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BC Court awards employee almost $40,000 in unpaid overtime going back six years

In Stastny v. Dependable Turbines Ltd. 2009 BCSC 1648,  the court addressed the notice period, a claim for unpaid overtime and a claim for aggravated or punitive damages.

Notice Period

The 51 year old machinist with 20 years service was dismissed without cause. The court awarded him a notice period of 15 months.  The fact that the employee had been laid off and rehired on several occasions did not, the court concluded, effect the duration of his employment for the purposes of calculating his notice period.

Unpaid Overtime

The employee had regularly worked more than 40 years a week but had not received overtime pay. This was confirmed by time sheets produced by the employer, which showed that the employee only received his regular wage for overtime hours worked. The employer argued that it had an agreement with the employee to this effect.

The court noted that section 4 of the BC Employment Standards Act ("ESA") stipulated that the minimum standards set out in the Act - including overtime rates -  could not be waived by agreement.

The court further noted, however, that although the employer's practice of not paying overtime was long-standing, section 3(5) of the BC Limitation Act limited the employee's claim for a period of six years before the lawsuit was commenced. As such, the court ruled that, pursuant to the ESA overtime rules, the employee was entitled to unpaid overtime going back to only 2002.

The employee was earning $34.10/hour at the time of dismissal. However, for the purposes of calculating the overtime, and in the absence of detailed information about what his hourly wage rate had been since 2002, the court ruled that his overtime entitlement should be based on a regular wage rate of $25/hour.  Based on that figure, the court awarded the employee almost $40,000 in unpaid overtime.

Aggravated and/or Punitive Damages

Although the employer had not made this allegation at the time of dismissal, it alleged in the Statement of Defence that the employee had stolen tools and a "great deal of time at trial was consumed" by these allegations (para. 34).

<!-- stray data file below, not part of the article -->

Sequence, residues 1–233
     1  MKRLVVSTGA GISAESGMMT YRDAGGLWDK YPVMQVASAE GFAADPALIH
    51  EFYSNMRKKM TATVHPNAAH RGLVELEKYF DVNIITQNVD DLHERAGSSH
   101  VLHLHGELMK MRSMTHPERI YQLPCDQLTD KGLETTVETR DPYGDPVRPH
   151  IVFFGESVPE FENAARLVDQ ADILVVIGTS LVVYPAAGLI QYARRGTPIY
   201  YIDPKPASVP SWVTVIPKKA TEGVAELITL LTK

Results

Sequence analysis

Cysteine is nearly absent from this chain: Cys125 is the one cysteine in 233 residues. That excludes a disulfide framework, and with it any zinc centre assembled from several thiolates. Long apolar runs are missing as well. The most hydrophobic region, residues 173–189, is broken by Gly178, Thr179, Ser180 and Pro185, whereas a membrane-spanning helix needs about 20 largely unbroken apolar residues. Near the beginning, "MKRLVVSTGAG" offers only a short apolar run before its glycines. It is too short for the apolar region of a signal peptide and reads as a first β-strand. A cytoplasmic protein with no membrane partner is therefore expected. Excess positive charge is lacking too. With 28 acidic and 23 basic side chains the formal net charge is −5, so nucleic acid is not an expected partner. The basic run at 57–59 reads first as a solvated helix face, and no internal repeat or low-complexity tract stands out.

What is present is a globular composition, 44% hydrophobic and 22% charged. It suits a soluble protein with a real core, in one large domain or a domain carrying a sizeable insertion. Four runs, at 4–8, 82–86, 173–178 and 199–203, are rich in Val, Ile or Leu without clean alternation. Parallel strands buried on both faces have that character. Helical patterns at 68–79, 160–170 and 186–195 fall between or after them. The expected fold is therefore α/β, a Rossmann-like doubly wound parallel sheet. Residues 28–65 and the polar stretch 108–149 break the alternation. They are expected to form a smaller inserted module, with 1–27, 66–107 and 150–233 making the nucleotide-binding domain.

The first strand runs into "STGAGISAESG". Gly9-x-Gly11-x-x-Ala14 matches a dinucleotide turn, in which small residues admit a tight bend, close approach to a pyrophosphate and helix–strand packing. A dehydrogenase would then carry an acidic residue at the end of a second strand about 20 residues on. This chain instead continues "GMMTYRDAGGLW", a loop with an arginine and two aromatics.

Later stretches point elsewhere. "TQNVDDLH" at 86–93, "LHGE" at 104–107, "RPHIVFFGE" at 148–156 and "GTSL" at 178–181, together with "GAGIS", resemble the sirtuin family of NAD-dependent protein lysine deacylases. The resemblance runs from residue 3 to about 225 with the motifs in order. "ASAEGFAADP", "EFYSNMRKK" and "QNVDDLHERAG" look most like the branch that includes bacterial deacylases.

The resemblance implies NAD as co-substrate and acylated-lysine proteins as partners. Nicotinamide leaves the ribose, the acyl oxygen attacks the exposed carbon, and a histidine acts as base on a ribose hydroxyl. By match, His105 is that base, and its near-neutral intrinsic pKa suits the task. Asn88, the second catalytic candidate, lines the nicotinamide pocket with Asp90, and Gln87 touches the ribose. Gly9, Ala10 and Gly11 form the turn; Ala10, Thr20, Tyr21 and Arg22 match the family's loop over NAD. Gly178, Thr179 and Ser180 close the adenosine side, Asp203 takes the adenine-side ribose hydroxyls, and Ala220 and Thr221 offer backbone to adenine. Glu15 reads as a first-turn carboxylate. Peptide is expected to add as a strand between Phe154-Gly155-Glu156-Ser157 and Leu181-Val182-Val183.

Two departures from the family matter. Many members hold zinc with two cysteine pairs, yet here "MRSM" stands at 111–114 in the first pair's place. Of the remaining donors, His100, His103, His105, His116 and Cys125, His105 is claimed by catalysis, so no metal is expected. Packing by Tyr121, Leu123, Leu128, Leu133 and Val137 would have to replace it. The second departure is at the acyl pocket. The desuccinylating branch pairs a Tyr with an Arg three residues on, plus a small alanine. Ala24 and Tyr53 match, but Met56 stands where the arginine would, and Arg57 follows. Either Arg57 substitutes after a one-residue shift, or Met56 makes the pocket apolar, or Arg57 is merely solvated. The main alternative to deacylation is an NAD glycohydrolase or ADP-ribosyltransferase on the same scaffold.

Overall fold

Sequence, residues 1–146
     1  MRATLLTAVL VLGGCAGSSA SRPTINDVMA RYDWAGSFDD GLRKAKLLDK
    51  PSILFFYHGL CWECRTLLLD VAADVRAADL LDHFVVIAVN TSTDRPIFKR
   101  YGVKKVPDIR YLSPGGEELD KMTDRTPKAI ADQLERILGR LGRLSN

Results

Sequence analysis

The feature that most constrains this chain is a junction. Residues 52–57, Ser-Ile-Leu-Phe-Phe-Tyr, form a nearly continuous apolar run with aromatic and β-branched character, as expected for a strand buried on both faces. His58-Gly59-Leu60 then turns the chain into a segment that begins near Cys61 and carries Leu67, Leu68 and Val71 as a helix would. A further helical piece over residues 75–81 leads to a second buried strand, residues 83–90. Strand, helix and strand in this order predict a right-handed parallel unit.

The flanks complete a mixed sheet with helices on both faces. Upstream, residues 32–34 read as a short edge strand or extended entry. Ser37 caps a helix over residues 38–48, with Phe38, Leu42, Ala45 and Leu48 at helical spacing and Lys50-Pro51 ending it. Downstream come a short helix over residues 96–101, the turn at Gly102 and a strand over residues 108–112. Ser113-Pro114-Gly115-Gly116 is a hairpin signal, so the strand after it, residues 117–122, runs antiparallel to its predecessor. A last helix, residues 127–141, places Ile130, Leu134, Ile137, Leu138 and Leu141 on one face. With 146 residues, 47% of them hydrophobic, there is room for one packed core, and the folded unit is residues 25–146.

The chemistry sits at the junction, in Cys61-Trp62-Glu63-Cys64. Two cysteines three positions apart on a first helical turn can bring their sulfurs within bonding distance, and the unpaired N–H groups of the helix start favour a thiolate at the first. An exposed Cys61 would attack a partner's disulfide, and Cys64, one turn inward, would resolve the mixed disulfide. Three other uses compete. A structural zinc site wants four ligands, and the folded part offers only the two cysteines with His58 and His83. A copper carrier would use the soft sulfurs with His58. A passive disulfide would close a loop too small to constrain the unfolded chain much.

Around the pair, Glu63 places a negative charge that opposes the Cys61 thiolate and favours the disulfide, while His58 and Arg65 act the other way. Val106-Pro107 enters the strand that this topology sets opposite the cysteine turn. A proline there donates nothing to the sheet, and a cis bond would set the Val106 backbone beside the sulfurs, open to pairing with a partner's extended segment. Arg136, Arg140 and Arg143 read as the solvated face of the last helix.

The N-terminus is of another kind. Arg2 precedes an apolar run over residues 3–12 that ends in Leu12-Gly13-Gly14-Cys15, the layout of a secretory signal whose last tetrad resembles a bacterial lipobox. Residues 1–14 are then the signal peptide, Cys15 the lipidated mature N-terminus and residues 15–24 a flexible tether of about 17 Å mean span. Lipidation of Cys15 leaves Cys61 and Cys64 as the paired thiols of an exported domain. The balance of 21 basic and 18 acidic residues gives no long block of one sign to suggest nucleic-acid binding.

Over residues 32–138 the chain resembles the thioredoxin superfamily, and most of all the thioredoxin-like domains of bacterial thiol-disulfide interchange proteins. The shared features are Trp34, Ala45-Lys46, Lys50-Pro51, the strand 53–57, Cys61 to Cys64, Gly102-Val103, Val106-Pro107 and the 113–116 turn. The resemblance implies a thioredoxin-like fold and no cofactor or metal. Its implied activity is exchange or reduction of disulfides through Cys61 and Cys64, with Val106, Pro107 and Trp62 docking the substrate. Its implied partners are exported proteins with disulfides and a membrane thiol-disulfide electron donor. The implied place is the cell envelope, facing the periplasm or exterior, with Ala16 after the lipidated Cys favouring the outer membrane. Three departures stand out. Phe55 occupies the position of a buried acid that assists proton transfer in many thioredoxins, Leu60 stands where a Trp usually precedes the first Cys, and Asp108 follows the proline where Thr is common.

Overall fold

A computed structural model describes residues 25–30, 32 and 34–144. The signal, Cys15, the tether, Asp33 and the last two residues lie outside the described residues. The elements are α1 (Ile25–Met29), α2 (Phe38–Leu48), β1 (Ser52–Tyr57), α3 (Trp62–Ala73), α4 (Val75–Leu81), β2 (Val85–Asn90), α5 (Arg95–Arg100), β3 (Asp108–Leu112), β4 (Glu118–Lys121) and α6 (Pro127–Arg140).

At the trial, the employer admitted that, once the employee had retained a lawyer, he 'had to come up with a reasonable cause in my mind why I was not happy" (para. 34).

The employee, in turn, testified that the allegation of theft was upsetting and forced him to remove the employer as a reference from his resume, creating  a 20 year gap in his employment history that was difficult to explain to potential employers.

The court concluded that while some tools were missing, "the  allegation of theft was not based on a reasonable interpretation of the facts" (para. 38) and "were made the intention of avoiding severance pay" (para. 42).  

It further noted that aggravated damages are compensatory in nature, take into account intangible injuries and "by definition will generally augment damages assessed under the general rules relating to the assessment of damages." Punitive damages, in contrast, "may only be employed in circumstances where the conduct giving the cause for complaint is of such a nature that it merits punishment" (para. 37, quoting Waddams).

The court awarded aggravated damages, but only in the amount of $1,000. The court justified this low amount by stating that the damages flowing from these allegations were minimal and the employee's inability to find secure work was more likely related to the general economic conditions, than the allegations.

The court declined to award punitive damages, stating that such damages are awarded for conduct that is "harsh, vindictive, reprehensible and malicious, whereas the employer's conduct in this case was more appropriately described as "careless" and insensitive" (para. 40).  The court further stated even if punitive damages had been appropriate, the amount of the compensatory award and its likely impact on a relatively small company would "sufficiently meet the goals of punishment and deterrence".


This decision is curious for several reasons, including the following:

  1. In Macaraeg v. E Care Contact Centers Ltd., 2008 BCCA 182, the BC Court of Appeal ruled that employees are not entitled to enforce Employment Standards Act rights in court. Rather, they must enforce these statutory rights through the employment standards complaint process. The Macraeg decision was not referred to in this case.
  2. Section 80 of the BC ESA expressly limits the amount of wages recoverable to six months before the earlier of: (1) the date of a complaint or termination or, (2) in cases other than complaints, six months before the date an employer was advised of an investigation. The court did not address how this provision interacts with the Limitation Act.
  3. It appears that the employee did not claim for Wallace or moral damages, despite the employer's unfounded allegations that it had just cause for dismissal.  In previous cases, the courts have awarded such damages on substantially similar facts.